In his continued clean-up tour after the release of a damaging, secretly recorded video, Mitt Romney says "government has a role to play," in the economy after all. That role, though, should consist of getting out of the way, or creating "the space" for Americans to succeed, according to an Op-Ed the Republican nominee for president wrote in USA Today Wednesday.
My policies will create a growing economy that fosters upward mobility.
Government has a role to play here. Right now, our nation's citizens do need help from government. But it is a very different kind of help than what President Obama wants to provide.
My experience has taught me that government works best when it creates the space for individuals and families to pursue success and achieve great things. Economic freedom is the only force that has consistently succeeded in creating sustained prosperity and lifting people out of poverty. It is why our economy rose to rival those of the world's leading powers -- and has long since surpassed them all.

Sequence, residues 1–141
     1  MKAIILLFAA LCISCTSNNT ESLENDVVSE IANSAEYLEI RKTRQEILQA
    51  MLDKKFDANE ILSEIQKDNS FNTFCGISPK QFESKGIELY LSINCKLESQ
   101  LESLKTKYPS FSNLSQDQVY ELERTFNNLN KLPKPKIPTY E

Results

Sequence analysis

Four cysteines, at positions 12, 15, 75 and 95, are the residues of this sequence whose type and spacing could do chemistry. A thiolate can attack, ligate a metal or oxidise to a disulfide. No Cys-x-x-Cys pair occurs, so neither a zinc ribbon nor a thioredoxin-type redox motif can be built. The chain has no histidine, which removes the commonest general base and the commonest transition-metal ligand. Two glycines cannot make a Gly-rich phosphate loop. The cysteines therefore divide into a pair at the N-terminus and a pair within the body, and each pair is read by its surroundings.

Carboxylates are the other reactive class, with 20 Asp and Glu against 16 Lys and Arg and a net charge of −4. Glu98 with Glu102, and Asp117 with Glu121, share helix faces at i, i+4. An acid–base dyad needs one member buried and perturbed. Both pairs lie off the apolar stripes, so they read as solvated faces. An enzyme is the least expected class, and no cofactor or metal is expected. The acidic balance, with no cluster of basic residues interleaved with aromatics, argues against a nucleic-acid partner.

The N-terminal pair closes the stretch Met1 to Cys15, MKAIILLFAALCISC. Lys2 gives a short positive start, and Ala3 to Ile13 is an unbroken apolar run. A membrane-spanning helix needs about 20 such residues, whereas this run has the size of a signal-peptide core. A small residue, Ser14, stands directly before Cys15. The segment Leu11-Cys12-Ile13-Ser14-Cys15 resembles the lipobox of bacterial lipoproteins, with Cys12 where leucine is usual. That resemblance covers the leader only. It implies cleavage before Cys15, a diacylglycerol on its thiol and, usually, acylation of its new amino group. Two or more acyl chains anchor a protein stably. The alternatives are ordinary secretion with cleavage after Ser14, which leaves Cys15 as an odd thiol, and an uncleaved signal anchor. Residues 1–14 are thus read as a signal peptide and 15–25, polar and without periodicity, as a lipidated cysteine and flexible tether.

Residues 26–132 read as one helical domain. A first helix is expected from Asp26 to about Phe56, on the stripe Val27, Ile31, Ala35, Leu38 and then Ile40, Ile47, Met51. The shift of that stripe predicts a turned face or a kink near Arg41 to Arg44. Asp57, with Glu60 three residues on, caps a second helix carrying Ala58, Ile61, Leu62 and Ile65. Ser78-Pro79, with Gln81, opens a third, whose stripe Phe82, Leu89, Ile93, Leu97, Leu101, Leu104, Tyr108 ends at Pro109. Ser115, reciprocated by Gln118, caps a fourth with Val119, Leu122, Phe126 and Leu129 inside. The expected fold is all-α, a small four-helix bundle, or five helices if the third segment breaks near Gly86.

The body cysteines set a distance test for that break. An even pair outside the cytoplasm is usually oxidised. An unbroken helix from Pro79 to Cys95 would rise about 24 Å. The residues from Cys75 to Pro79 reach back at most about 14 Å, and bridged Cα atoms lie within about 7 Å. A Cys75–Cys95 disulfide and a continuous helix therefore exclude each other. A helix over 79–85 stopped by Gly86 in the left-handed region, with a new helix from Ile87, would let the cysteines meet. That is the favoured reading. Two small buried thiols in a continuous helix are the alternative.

The Romney campaign has continued to defend the remarks made by the candidate in the video released by liberal magazine Mother Jones Monday in which he called 47% of the electorate "dependent upon government" and unable to take "personal responsibility" for their lives.
Although, Romney and his running mate Paul Ryan describe the comments as inelegant and "inarticulate," they—along with a number of conservatives— have sought to shift the conversation toward a debate on government's role in society and how each political party differs on setting that course.
Without mentioning the video, Romney defends the "personal responsibility" remark by writing: "Since our founding, America has promoted personal responsibility, the dignity of work and the value of education. Those values made our nation the hope of the earth and our economy the envy of the world."
But that is not up for debate. What is, are the loose facts of Romney's comments as already pointed out, and the whether or not Romney's latest remarks demonstrate a lack of feeling for those worse off. Romney argues that "instead of creating a web of dependency," he will encourage "private investment and personal freedom."